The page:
The movie begins with that falsely promising scene when Diana calls up Bateman‘s pushover business guy, Sandy, in Denver (Diana is in Winter Park, Florida) and artfully pretends to be an anti-identity thief operative, thereby snookering him out of his social security number. The phony Sandy then goes on a shopaholic’s rampage, just at the touchy moment when the real Sandy is driven to leave his old corporation (partly run by Jon Favreau as a smirking, bonus-happy Ayn Rand fan named Cornish) in order to help start a new one, at the behest of Daniel Casey (played, daringly off-type, by Korean-American actor John Cho).
Suddenly, as happens with these infuriating identity crimes, Sandy‘s world goes ka-flooey. When his alter-ego’s shopping spree (plus a violent altercation and arrest) comes to light, the cops show up at his new company (including a very suave Morris Chestnut as Detective Reilly). Suddenly Sandy goes from six figure salary business wunderkind, to a schmo-in-dutch with a bunch of maxed and worthless Visa and Mastercards, all thanks to Diana and his own dopey indiscretion.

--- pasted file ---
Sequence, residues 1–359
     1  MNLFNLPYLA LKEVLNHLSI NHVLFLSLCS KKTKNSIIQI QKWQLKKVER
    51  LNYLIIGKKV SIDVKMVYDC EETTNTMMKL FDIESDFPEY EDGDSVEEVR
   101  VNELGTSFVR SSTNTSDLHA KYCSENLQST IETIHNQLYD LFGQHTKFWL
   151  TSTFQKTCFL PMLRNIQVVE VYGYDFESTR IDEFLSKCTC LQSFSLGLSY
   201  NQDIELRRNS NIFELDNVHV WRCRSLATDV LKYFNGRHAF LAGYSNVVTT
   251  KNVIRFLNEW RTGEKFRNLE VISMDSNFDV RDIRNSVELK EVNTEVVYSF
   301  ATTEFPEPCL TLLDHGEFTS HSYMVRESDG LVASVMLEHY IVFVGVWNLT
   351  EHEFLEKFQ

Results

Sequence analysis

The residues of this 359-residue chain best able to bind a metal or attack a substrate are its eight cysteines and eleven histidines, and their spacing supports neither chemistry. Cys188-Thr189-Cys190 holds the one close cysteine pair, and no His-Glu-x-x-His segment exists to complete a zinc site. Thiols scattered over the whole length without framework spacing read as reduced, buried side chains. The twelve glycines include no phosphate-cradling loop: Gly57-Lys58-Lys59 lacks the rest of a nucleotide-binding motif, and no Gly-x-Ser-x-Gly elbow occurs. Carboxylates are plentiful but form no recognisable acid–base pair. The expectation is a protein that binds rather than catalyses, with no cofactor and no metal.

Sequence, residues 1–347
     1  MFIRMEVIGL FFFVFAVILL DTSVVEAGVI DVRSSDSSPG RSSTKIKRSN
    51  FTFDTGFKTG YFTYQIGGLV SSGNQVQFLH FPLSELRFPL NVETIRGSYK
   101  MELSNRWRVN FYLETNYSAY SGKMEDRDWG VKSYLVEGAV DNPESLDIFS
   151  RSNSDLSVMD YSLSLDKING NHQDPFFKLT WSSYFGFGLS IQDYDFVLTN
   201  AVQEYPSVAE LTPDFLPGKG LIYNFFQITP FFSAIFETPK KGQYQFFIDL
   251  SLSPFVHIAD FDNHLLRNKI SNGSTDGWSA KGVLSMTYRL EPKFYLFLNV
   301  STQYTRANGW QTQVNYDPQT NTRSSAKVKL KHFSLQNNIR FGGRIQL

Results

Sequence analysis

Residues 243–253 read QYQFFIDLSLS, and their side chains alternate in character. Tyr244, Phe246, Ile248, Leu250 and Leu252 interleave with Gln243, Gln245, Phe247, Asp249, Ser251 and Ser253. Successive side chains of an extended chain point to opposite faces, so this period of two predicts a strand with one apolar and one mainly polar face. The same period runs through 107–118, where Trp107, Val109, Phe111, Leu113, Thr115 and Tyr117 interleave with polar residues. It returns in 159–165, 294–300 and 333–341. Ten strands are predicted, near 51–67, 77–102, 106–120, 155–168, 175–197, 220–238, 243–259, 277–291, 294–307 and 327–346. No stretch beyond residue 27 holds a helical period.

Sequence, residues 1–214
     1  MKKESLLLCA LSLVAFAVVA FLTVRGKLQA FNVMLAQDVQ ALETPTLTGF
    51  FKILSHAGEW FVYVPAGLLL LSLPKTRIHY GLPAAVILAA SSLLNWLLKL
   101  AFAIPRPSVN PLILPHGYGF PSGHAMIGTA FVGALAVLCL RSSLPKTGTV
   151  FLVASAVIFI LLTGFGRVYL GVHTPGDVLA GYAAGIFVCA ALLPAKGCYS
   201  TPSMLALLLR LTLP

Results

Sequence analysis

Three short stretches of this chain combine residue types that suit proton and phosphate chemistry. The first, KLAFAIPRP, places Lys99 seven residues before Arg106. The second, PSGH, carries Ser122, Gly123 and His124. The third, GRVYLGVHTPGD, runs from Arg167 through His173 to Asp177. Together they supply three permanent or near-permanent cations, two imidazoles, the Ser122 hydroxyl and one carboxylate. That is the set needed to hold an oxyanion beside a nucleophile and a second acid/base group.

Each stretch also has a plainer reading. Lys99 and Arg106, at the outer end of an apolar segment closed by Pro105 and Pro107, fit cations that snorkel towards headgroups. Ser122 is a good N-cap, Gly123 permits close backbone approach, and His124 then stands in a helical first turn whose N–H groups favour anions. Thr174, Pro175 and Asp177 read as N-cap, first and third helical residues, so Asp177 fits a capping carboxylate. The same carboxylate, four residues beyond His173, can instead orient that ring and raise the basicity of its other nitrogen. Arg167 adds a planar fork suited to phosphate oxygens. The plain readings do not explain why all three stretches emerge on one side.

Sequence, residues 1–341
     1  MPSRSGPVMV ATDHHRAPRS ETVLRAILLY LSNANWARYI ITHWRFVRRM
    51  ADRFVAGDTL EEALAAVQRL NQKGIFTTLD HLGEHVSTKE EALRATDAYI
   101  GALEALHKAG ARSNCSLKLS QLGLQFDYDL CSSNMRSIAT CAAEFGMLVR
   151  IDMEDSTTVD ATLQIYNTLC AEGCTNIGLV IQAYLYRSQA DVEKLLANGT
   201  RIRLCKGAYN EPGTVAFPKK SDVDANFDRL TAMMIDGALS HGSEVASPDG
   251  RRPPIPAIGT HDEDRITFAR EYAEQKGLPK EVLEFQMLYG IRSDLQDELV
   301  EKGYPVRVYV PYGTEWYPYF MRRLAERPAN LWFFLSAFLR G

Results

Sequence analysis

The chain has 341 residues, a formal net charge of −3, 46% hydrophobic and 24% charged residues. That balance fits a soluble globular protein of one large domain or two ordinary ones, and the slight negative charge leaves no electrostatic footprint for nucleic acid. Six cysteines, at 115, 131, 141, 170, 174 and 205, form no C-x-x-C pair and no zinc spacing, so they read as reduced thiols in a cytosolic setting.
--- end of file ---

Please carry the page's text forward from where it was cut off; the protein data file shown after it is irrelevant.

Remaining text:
Up to that point, Identity Thief actually looks as if it might be a good movie, or at least a bad funny one. I was actually looking forward to it. (The more fool me.) But then, in a bewildering, mind-numbing plot twist that bewilders and mind-numbs me still, natty Denver Detective Reilly explains that his hands are tied, that these cases take forever, and he can’t somehow co-operate with the Florida cops (or the credit card companies) to stop Diana running wild with Sandy’s card. Instead, in one of the more flabbergasting plans since Howard Roark blew up his own building in Cornish‘s favorite novel, “The Fountainhead,” Sandy, one of the last guys you’d want to send on a cross-country pickup of a psychopath, drives off, in all his obvious street-unwisdom, to find the credit swindler, bring her back, and get her to confess to his bosses.